With riots and looting destroying large areas of some cities, it would be nice if people could put aside their racial hatred and enmity and try to forge a compromise that would promote peace and prosperity in urban areas, rather than destroying what so many hard-working people have built over years of endeavor.
That may sound preposterous, given the level of antagonism, but it is possible. Just consider the lives of Ann Atwood and C.P. Ellis of Durham, North Carolina. In the early 1970s, they turned their hatred for each other into a pathway for social change to bring about change in the school system and community in general.
The lives of Atwater and Ellis were turned into a highly acclaimed 2011 movie, “The Best of Enemies.” Theirs is a fascinating story.
Atwood was the daughter of a sharecropper who earned five cents per hour for his labor and was a deacon in their church. Ellis was the son of a blue collar Durham worker who became the Exhalted Grand Cyclops of the Durham Ku Klux Klan, one of the most notorious such units in the country.
Atwater was born in 1935 in Hallsboro, North Carolina, one of nine children. She and her siblings worked on nearby farms to help support the family. She was given food through the back door after the white workers had eaten. She was taught that whites were better, and that their needs came before hers. Atwater learned that her lot in life was to take second place.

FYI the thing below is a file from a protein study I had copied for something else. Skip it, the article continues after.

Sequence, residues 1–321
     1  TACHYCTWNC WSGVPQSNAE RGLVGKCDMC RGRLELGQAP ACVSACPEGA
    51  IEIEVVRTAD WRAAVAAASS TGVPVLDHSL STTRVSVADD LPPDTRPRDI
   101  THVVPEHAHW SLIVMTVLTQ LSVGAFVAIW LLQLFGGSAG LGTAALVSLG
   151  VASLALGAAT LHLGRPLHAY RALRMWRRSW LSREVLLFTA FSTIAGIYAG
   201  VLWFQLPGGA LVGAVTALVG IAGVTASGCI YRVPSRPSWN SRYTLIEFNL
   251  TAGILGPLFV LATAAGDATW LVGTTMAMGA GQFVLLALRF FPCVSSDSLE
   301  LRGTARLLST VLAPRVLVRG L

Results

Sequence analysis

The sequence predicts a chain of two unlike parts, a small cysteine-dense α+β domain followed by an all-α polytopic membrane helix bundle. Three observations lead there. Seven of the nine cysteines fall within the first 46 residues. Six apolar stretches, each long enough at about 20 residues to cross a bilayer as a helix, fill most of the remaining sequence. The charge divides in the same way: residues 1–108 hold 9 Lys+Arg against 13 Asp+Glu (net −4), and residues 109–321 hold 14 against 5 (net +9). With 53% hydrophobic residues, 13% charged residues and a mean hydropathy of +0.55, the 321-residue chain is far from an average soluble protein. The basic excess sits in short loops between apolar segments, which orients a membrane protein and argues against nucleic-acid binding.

At age 13, she married French Wilson and they moved to Durham in hopes of finding jobs in the city’s textile or tobacco industries.
In 1950, poor blacks in Durham had to fight both racial issues and class divisions against whites who claimed superiority, and also against wealthier blacks who claimed superiority and did not want to be associated with the lower class.
Her husband struggled with alcoholism and became abusive, so she divorced him and raised her two daughters as a single mother.
Atwater’s description of her life following her divorce provides a clear picture of the depths of the poverty that many Blacks and even some whites endured before America awoke to their plight and started pouring government resources into housing, health care, nutrition, education and other social programs.
Her welfare check was $57 per month, making paying the rent a struggle. Atwater managed to get some domestic work in white homes to survive financially.
She made dresses for her daughters from rice and flour sacks. About the only food she could afford was rice, cabbage and pork fatback.
The faucets in her bathroom were faulty, shooting streams of water across the room. Her children referred to them as Niagara Falls. The roof was full of holes, allowing rain water to drip into the house. The bathtub had fallen through the rotten boards of the floor.
The wiring was so bad that after her electricity was cut off for non-payment, she could stomp on the floor to get the lights to come on. Stomp again, and they would go off. She said the house didn’t need windows because the cracks were so wide she could see everyone on the street.
During a visit to the welfare office to try to get money to pay her back rent, she met Howard Fuller of Operation Breakthrough. She told Fuller of her problems, and he immediately invited her to join the organization, which helped people in poverty find work, get an education and learn to be self sufficient.